The Curmudgeon


Sunday, March 06, 2005

Death to Nokia

The communications revolution, like Saturn, devours its children. We have twenty-four hour news channels, but we are not better informed; we are merely informed of the same rubbish twenty-four hours a day. We have instant electronic mail, but we are not better correspondents; we just use txt to disguise the fct wr illtteret. We have the internet, which within a few years will be the exclusive preserve of advertisers, WalMart Interactive, and rich right-wingers who consider the world in desperate need of their thoughts on God, country and sexy weapons systems. And we have mobile telephones, which combine most of the faults of the above-mentioned in a single, palm-sized package.

Mobile telephones are a wonderful device for ensuring immediate and convenient communication; and, in the way of the human race, two things are thereby assured. One, that nothing of the slightest importance is ever communicated over a mobile telephone; and two, that anything that is communicated over a mobile telephone is communicated at considerable inconvenience to any innocent bystanders.

Indeed, the immediacy and convenience of mobile phone dialling has more than once resulted in injury and death to innocent third parties, as drivers blithely tinker away at their text messages while ignoring less immediate and convenient matters such as the occupants of the road in front of them. Perhaps the drivers in question were trying to send warnings; perhaps they had seen a mobile phone advert which told them text messaging was quicker than using the horn or the brakes. Perhaps mobile phones are a scourge and a pestilence and should be seized and trampled underfoot.

Overhearing one side of a mobile phone conversation is among the less entertaining ways to wait for death; every now and again, especially on public transport, it is possible to overhear one side of several mobile phone conversations as several fellow-passengers arrive simultaneously at the ingenious idea of calling someone up to tell them the train is about to enter a tunnel. This is quite an experience. Monosyllables erupt all around like bubbles in boiling mud: "Lo? Me. Yer. Nah. Yer. Right. Yer. Mon trine. Yer. Nah. Wot? Nah. Yer. Wot? Wot? Lo? Lo? Lo..." - this last trailing off as the tunnel enfolds us all - passengers, phones, and the dying, blood-coughing art of conversation - in its merciful blackness.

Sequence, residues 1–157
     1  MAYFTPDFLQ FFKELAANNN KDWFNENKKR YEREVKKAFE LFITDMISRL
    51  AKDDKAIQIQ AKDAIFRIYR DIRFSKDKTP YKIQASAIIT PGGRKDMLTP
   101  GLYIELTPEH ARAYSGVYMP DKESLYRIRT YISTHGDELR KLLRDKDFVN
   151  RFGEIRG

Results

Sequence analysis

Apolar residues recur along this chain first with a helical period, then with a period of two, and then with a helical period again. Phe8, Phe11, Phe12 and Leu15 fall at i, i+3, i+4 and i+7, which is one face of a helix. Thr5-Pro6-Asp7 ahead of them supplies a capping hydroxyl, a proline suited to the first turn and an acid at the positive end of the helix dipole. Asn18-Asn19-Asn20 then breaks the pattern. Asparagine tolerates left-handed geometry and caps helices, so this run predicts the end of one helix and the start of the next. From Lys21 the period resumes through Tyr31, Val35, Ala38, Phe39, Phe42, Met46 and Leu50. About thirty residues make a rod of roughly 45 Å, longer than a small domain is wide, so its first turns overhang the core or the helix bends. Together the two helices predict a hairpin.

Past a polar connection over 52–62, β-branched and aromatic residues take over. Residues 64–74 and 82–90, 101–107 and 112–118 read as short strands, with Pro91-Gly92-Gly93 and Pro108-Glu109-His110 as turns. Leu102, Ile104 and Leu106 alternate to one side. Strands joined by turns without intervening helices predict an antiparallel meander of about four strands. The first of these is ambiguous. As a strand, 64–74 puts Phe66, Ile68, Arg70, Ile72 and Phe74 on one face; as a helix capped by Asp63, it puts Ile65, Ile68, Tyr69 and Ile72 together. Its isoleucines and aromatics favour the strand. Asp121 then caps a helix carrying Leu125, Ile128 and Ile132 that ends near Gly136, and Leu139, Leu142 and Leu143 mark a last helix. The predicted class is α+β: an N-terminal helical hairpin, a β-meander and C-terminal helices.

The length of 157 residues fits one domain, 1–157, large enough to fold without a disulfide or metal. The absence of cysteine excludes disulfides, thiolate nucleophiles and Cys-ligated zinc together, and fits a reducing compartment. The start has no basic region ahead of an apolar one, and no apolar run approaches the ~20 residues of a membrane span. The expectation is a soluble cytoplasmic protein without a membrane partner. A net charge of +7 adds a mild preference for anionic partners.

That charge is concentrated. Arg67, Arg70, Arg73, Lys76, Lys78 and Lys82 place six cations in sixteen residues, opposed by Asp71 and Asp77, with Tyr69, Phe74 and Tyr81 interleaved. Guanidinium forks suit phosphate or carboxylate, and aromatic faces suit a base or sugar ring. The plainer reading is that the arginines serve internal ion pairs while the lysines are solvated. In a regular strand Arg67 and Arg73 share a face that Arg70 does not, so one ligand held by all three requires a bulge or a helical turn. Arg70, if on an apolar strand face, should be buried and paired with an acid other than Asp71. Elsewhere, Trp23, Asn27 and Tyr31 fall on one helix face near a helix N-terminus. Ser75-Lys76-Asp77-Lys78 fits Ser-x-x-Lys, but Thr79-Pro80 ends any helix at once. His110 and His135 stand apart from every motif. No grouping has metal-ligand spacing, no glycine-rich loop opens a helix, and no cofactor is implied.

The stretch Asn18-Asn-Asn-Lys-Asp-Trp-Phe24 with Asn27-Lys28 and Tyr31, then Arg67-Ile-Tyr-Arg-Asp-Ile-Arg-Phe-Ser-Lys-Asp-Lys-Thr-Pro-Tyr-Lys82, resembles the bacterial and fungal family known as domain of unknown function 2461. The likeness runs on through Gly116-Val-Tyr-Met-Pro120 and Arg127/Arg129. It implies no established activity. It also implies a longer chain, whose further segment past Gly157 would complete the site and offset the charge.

But before you hear the dialogue, there is something almost worse to be gone through: you have to hear the ring-tone. Mobile telephone ring-tones are a phenomenon in themselves: a cultural virus to rank with emoticons, pop-up advertising and New Labour. They are sold by the batch and offered free with selected electronic goods. They can be cute. They can be funny. They can be businesslike, musical, amusing, thrilling, delightful, discreet, noisy, complicated, up-to-the-minute, hilarious, audible at vast distances and very, very persistent. They can murder any tune you care to name, including several which deserve it and many which do not. I suppose this is merciful in a way, since it would be rather painful to hear a fine piece of music pleasantly rendered, only to have it interrupted with "Lo? Yer. Right. Mon trine," and all the rest; but this small consolation is not quite enough to get one through the day.

It would be gratifying to think that these infernal engines cause cancer and/or can be used as aids to government spying, as has been claimed. If so, then perhaps our successors - the children of this toxic-waste generation which bans smoking in public, is bored with sex, watches Big Brother and thinks Christian fundamentalism is sorta cool - will harness the energy of their rebellious hormones and become the first generation of teenagers in half a century to decrease their household telephone bills.


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